Strong state privacy laws continue to complicate health information exchanges' efforts to ease health-data sharing, a senior federal health technology official said Monday. And a key to overcoming such obstacles may be greater use of meta tags.
Joy Pritts, chief privacy officer in the Office of the National Coordinator for Health Information Technology, told a Washington health policy gathering that some health information exchanges are not accepting electronic health records containing mental health or substance-abuse data. Their refusal stems from concerns that certain state medical privacy laws that are more strict than federal law and require individual patient agreement before their data is shared preclude exchanges' use of the information.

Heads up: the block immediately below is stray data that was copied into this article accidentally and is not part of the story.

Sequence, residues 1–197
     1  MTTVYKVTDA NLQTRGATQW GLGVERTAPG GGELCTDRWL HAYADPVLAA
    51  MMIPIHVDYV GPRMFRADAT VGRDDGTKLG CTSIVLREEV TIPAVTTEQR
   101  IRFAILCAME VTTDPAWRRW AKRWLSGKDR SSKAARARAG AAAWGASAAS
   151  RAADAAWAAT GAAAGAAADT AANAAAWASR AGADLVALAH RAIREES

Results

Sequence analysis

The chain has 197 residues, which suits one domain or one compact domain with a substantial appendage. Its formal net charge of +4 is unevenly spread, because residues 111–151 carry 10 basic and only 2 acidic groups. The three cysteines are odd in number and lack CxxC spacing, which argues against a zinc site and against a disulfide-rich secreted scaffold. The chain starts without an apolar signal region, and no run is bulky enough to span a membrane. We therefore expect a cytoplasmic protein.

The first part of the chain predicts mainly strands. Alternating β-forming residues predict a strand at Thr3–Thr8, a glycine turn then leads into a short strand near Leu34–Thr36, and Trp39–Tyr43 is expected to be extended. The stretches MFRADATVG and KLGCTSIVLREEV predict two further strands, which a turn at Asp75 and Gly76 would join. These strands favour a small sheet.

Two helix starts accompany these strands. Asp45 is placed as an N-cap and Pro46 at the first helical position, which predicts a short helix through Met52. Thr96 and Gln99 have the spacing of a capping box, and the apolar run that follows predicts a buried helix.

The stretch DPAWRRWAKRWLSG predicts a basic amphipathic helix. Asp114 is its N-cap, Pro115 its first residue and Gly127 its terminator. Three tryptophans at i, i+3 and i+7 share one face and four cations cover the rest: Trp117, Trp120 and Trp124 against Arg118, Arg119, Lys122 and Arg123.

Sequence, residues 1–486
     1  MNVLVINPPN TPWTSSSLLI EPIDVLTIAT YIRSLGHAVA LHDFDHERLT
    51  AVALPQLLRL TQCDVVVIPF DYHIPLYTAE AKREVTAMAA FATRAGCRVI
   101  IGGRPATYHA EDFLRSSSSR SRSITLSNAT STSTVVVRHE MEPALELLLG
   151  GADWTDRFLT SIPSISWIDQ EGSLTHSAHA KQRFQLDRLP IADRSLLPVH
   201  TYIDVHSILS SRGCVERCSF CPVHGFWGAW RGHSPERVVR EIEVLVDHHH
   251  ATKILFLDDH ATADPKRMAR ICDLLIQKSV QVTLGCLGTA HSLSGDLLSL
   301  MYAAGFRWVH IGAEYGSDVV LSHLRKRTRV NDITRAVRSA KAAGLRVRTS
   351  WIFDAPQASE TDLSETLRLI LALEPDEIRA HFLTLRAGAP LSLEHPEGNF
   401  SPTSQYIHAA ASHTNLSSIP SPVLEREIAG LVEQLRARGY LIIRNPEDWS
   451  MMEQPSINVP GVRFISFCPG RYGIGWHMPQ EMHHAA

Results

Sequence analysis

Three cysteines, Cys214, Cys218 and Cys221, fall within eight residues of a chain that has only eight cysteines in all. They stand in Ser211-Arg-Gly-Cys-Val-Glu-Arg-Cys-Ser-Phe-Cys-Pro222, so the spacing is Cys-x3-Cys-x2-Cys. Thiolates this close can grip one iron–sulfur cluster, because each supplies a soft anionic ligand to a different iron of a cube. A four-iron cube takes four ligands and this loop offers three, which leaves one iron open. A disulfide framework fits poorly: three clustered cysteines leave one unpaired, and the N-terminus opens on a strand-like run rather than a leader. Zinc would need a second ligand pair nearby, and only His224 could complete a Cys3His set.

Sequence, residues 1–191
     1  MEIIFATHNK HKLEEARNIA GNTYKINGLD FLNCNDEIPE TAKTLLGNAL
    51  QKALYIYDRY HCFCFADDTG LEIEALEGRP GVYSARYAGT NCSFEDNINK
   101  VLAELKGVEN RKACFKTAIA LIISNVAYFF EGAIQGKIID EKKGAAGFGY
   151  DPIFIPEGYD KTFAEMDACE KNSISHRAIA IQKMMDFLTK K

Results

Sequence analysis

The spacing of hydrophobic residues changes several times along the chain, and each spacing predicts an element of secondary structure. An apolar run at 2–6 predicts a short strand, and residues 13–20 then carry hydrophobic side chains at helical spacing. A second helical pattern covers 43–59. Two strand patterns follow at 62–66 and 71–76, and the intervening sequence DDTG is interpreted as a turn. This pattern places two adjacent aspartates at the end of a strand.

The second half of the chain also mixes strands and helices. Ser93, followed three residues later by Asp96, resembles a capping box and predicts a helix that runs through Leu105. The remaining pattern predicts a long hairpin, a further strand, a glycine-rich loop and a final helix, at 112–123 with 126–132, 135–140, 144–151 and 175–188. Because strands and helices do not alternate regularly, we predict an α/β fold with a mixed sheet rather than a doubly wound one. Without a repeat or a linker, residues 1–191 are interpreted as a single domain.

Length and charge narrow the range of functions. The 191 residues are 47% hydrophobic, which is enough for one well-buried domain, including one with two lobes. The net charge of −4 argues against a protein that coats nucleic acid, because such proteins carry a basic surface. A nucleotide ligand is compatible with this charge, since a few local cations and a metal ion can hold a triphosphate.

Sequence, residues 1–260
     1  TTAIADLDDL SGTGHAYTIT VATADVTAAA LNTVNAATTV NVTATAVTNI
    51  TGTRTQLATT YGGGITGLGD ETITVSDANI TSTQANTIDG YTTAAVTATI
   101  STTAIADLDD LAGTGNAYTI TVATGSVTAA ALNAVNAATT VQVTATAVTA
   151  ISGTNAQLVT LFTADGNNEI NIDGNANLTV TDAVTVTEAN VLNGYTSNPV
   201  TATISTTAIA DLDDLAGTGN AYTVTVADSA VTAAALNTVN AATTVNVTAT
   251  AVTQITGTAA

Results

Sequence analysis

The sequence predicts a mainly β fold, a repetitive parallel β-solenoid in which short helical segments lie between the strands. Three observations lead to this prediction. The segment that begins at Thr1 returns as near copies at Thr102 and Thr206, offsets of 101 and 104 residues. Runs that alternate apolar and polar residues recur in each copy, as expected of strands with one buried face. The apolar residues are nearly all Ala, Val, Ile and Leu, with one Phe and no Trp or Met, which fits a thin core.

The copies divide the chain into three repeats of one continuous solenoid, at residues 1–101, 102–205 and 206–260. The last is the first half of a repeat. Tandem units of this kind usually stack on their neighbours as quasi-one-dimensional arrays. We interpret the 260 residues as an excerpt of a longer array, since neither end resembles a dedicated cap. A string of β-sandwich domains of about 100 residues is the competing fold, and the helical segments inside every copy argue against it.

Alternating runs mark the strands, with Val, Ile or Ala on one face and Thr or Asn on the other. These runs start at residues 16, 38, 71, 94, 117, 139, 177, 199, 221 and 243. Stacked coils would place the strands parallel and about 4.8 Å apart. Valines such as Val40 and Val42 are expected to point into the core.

“We're working on a number of different fronts on how to tackle this issue because we recognize, and the administration recognizes, how important it is to have substance and abuse and mental health really integrated into primary care,” Pritts said.